Looking back at the FWB C-20 pistol – Part 3

by B.B. Pelletier

Today, guest blogger Pete Zimmerman gives us his third and final report on the C-20 pistol…performance!

If you’d like to write a guest post for this blog, please email us.

Bloggers must be proficient in simple html, know how to take clear photos and size them for the internet (if their post requires them), and they must use proper English. We’ll edit each submission, but we won’t work on any submission that contains gross misspellings and/or grammatical errors.

Part 1
Part 2

by Pete Zimmerman

FWB C-20

A C-20 costs well over $1,000 when I got mine, and its descendant, the P44, is close to twice the price today. For that money, you ought to get a gun that out-shoots your own skills but also one that makes it easy to shoot the best you can. Using a top match pistol, the shooter can’t complain that misses are the gun’s fault. The first few targets shot with such a gun provide a crash course in no-excuse humility.

The pistol promises that the pellet will go through the X-ring in the middle of the 10-ring if you deliver the perfect shot. Time after time. Of course, some guns prefer one brand, product line, weight or pellet head diameter better than others. And, some pellets are inconsistent in weight and balance coming out of the tin, so getting to Nirvana, where misses are only the fault of the shooter, may take a little effort.

To point out one thing, the 9 and 10 rings on an NRA or ISSF air pistol target are really quite forgiving. Any decent match pistol using any match pellet should result in a group smaller than the 10 ring from a bench or in the hands of a good marksman. Scott Pilkington, the moderator of the Target Talk forum says that it isn’t worth your time to test. I found out that it is.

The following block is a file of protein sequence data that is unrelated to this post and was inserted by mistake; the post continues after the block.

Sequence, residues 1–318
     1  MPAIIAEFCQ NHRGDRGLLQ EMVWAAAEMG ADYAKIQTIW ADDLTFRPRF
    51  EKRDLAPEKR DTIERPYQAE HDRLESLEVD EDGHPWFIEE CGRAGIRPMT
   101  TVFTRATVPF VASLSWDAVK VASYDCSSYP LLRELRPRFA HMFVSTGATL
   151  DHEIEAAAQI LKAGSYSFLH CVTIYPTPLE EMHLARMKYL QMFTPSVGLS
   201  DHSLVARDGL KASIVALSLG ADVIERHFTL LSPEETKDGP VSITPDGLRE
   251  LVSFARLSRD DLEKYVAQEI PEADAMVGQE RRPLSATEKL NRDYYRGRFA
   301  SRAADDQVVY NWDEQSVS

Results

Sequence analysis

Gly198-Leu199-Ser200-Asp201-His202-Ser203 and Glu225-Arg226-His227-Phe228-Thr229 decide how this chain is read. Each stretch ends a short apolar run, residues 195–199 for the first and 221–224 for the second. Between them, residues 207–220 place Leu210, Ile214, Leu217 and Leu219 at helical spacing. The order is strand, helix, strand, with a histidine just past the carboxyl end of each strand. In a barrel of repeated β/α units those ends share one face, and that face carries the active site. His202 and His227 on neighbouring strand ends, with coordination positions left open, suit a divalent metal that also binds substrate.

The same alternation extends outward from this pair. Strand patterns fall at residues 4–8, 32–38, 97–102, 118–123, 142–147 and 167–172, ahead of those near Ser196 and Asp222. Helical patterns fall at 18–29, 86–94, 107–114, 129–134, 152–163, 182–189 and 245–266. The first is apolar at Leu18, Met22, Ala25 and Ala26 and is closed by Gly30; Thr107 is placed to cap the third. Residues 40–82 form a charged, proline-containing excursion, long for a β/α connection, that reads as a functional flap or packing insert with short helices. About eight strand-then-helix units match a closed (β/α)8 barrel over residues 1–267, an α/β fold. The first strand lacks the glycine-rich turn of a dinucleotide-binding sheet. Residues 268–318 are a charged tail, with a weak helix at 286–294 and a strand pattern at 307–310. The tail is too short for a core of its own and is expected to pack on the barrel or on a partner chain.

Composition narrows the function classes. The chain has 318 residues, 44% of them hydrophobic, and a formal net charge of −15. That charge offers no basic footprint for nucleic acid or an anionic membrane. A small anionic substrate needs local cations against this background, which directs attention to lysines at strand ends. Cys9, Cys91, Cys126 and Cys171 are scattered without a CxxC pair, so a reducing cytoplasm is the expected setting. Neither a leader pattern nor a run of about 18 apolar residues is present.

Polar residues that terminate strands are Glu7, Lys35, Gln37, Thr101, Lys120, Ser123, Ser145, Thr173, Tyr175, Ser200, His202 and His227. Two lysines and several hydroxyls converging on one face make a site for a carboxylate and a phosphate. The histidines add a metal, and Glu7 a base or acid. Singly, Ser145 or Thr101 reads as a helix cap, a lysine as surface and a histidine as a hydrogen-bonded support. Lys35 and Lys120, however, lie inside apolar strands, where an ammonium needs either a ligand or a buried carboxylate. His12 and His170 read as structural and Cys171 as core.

For this article, I set up a portable Workmate tool kit and vise combination on top of my shooting table. I opened the vise jaws a bit and anchored the gun by putting the gas tank in the vise grooves. I protected the tank with a bit of old foam rubber. The pistol can still rotates around the long axis of the CO2 tank but can’t move up and down. Small rotations of the gun change the cant angle and the impact point, so I put a small spirit level across the action to check position. I made no attempt to aim the rig to line up the sights on the bull. The point was to shoot groups that hit a piece of target paper…somewhere. I moved the target, not the rig, when I changed the type of pellet.

For test rounds, I had a grab bag of miscellaneous pellets sitting around from three manufacturers: RWS, H&N, and Crosman.

Start with the top performer, and another one not so good:

A 5-round group using RWS R-10 pellets, and another with H&N Match 4.49mm pellets sold under the Pilkington house brand.

The heavy RWS R-10 Rifle pellets (0.53 grams) delivered not only a one-hole 5-shot group, but a near zero-jitter group extraordinarily close to the target sample delivered with the pistol. The hole was small enough that a pellet won’t fall through the hole. It’s almost exactly as good as the proof target that came with the gun. The 4.49mm-diameter H&N Match pellets were significantly worse, resulting in a fairly open one-hole group that looks like a two-hole-with-flier because I bumped the Workmate after the first shot and took 5 more shots at the new aim point. Forget the “flier”; the group is still far too large for this pistol.